Part two in our latest blog series looks at the role of Machine Learning and Artificial Intelligence in the Security Environment, and the challenges surrounding these technologies.
- What about Machine Learning and Artificial Intelligence’s track record in security?
From a security technology perspective, Artificial Intelligence (AI) and Machine Learning (ML) isn’t particularly new. Rule based AI has been a part of DLP and other security solutions for a very long time.
Automated routines and intelligent algorithms underpin how DLP works, and assists, with the security related decisions around sensitivity of data. However, historical use of ML and AI has consistently underachieved, due to a lack of true context around the actual sensitivity of the data, and following a fully automated approach to sensitive data classification and scanning. A massive increase in security false positives and false negatives, results in either an increase in administrative resources to deal with these errors, or a reduced level of protection as rules are relaxed (to reduce the flow of false positives) – which all costs time and money. People soon lose trust in the classification process if it is not reliable.
In the first installment of this series we looked at digital assistants using ML for speech to text and AI for basic word identification. ML programs now exist to do basic comprehension checks on documents and it is possible get answers about the contents of the document, but is that suitable for data classification?
A data classification system must be able to understand the context of the whole document and how the document relates to the wider business. Typically, the wider business information is not part of the training data. A few certain data types such as PII or PHI data can be pre-programed in to the learning otherwise it is extremely difficult for the ML to understand contextual data.
Speed is an additional concern. Often it is only possible to complete live scanning of documents when the document is saved or printed due to host application limitation. This means that there is often a delay when the document is scanned before a classification can be recommended.
Also let’s look at the term Machine Learning. It is what it says: the machine is learning. Learning by its very concept involves making mistakes, and while high levels of mistakes in the form of false positive or false negative errors might be expected in the short term, the question is how long a business has to wait until they reach an acceptable level. Often an ML system might suggest a label with a percentage certainty. What would a user do if they had a recommendation that the classification was 75%-85% certain? It is unlikely that this figure would be good enough for most business but a “lazy” user might always accept the classification. Boldon James research in to scanning emails indicate that this rate is a norm; certain data types provide a higher figure and others provide a lower figure.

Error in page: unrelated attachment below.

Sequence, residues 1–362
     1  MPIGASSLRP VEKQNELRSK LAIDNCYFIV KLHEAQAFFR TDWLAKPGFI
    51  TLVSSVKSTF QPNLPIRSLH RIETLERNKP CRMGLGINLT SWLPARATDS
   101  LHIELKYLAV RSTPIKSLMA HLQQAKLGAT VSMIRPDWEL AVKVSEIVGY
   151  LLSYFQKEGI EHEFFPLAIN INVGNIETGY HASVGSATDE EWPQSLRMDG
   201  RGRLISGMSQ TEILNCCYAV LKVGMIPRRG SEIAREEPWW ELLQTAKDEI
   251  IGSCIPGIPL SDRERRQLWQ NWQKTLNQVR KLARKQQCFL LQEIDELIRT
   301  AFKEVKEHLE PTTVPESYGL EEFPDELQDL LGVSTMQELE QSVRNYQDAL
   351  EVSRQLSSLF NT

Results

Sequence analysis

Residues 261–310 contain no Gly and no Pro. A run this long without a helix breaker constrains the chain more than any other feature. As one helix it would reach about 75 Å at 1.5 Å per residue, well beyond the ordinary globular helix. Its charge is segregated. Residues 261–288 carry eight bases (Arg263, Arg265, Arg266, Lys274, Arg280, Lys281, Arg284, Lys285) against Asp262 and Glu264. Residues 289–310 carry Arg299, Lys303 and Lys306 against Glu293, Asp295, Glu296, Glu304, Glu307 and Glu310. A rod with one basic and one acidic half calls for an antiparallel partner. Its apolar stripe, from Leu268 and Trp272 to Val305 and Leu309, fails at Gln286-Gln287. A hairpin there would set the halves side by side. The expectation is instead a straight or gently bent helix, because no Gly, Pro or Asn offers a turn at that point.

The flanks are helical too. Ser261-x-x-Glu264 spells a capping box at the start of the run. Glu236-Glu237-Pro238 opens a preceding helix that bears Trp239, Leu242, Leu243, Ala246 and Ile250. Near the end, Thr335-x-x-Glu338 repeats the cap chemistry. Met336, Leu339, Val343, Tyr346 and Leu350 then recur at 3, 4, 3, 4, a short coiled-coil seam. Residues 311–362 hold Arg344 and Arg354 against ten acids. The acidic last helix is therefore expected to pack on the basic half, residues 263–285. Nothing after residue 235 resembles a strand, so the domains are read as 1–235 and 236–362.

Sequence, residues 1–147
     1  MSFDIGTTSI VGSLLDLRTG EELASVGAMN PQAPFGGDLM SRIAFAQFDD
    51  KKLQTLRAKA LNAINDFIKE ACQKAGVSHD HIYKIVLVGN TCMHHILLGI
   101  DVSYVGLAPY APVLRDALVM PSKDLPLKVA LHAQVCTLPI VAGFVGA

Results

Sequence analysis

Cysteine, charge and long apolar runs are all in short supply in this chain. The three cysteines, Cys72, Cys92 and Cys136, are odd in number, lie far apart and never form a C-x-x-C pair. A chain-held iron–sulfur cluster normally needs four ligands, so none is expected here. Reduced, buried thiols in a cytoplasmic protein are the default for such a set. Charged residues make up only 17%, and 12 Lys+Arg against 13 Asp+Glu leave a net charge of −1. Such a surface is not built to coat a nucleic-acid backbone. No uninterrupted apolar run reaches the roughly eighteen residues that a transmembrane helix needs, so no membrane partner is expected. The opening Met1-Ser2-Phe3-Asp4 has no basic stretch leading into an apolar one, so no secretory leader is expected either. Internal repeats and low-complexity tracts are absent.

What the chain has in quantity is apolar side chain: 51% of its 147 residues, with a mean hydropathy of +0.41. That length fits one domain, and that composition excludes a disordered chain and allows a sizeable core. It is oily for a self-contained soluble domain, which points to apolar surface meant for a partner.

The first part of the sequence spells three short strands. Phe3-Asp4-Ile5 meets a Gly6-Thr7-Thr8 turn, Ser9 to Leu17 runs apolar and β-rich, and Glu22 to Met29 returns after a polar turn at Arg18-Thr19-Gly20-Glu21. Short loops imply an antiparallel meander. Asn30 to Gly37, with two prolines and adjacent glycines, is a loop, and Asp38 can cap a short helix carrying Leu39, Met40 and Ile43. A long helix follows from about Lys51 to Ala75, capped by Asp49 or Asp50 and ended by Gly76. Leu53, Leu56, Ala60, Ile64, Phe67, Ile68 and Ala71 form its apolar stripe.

The good news is that this trend has shifted somewhat away from pure automation in the past 5 years, moving towards more user involvement than less, in order to improve the accuracy and performance of security decisions, the supporting technology and driving greater operational efficiency.
Certain data types are very predictable and can be easily classified. It would be simple for ML system to identify, for example, an invoice and classify it correctly. On the other hand, how would a ML system classify this blog? It has technical discussions, plus reference to company names and has financial information. Should this be company confidential? Clearly not, as if you apply context this is a blog so the classification should be public.
For more information, you can watch our recent webcast “Actual vs Artificial Intelligence here now.